Trollope, Anthony. Doctor Thorne. Oxford: Oxford University Press, 1987.
Reason read: to continue the series started in April in honor of Trollope’s birth month.
To set the stage: Mary Thorne, at the age of twelve, comes to live with her uncle, Doctor Thorne. She is sent to him when Dr Thorne’s sister (Mary’s mother) runs away to Australia and Mary’s father (Dr. Thorne’s brother) is murdered by Roger Scatcherd, Mary’s mother’s brother. Did you get all that? To complicate things, Dr. Thorne is also the financial advisor to Mary’s mother’s brother, Roger. Essentially Mary has two uncles. But this is a big secret for most of the book.
On with the plot – As Mary grows up she attracts the attention of Frank Gresham but unfortunately for Frank, Mary is not marriage material. She doesn’t come from money so his family opposes a proposal. His mother prefers Martha Dunstable as a suitable wife. The only problem is Miss Dunstable and Frank become great friends and mutually agree romance is not in the cards. As an aside, their friendship is wonderful. As Roger Scatcherd’s financial advisor, Dr. Thorne knows how much money Roger leaves to his son after drinking himself to death. When Roger’s son is nearing the same fate, Dr. Thorne has to spill the genealogy beans in order to make sure Mary is in the will and gets her fair share of Roger’s original inheritance.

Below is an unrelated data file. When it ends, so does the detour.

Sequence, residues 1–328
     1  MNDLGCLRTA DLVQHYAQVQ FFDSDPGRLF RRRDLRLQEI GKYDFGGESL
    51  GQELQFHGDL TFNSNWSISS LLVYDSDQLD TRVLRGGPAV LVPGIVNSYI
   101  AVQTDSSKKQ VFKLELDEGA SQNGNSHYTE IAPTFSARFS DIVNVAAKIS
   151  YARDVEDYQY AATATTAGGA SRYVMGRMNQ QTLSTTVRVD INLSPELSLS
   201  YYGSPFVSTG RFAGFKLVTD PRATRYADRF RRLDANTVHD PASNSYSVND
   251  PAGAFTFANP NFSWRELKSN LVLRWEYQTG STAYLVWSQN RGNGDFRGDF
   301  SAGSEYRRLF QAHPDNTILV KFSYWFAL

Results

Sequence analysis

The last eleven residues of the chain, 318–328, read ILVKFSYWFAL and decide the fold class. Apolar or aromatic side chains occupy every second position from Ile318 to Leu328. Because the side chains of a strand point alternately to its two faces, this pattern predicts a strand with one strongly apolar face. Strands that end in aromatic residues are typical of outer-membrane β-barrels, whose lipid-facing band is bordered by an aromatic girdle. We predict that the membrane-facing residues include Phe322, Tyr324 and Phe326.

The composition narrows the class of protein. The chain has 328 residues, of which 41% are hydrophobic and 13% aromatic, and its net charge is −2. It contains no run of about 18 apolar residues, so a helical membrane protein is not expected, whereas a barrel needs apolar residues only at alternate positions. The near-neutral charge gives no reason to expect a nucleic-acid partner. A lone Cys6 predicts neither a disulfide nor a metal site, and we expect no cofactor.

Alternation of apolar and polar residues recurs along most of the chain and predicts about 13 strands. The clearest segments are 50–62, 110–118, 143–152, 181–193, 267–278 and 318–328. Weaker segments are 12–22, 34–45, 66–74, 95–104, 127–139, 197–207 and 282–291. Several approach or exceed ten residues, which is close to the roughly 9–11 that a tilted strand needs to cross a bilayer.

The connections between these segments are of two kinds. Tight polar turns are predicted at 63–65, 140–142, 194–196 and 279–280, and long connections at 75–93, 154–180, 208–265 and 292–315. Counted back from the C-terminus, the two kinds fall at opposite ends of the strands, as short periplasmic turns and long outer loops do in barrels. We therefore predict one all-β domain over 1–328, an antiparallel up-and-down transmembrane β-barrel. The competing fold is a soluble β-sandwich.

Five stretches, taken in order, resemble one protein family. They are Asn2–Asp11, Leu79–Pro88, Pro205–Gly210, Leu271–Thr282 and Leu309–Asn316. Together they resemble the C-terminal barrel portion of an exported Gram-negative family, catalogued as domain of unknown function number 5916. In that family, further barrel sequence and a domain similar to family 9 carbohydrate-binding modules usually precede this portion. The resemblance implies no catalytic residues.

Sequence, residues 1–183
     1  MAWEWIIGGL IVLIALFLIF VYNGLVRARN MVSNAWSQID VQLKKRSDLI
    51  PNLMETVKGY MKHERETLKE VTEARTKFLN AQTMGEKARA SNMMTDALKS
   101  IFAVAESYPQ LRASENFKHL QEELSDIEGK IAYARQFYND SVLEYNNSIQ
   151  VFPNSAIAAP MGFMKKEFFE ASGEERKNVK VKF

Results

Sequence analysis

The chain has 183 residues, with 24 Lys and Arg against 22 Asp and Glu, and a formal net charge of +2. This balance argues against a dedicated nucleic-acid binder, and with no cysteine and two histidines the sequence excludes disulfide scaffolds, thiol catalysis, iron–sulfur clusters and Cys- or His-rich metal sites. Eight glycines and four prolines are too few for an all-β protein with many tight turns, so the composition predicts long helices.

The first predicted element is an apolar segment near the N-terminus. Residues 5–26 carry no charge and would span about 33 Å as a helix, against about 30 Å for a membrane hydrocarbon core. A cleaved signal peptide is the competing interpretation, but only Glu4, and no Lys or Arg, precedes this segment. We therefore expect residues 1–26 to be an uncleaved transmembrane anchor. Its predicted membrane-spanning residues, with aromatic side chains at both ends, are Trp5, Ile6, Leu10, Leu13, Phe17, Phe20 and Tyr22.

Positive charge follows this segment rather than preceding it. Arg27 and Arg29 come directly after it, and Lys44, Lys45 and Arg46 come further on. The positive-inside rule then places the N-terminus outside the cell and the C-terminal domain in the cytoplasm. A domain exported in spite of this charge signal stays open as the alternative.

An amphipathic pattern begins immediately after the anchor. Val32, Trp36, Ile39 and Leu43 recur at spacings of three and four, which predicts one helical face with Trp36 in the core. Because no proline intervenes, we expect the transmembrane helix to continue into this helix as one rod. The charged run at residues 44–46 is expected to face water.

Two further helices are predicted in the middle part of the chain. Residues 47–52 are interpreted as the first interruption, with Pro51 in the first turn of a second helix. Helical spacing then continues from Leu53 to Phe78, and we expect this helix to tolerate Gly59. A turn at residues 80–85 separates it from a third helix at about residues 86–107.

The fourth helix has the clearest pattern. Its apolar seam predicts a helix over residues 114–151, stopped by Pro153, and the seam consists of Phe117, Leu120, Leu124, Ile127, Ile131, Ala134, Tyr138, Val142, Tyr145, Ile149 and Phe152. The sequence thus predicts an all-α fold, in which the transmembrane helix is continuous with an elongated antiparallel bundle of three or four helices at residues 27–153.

Line that caught my attention, “I know he’s rich, and a rich man I suppose can buy anything except a woman that is worth having” (p 99).
Book trivia: Doctor Thorne is the third book in the Barsetshire series but to be fair, each book could be read independently of one another. However, going by book sales Trollope felt Doctor Thorne was his most popular story. Doctor Thorne connects back to Barchester Towers by family.
Author fact: Trollope published Doctor Thorne just one year after Barchester Towers.
Nancy said: nothing specific except that the whole series is her favorite Trollope to read.
BookLust Twist: from More Book Lust in the chapter called “Barsetshire and Beyond” (p 15).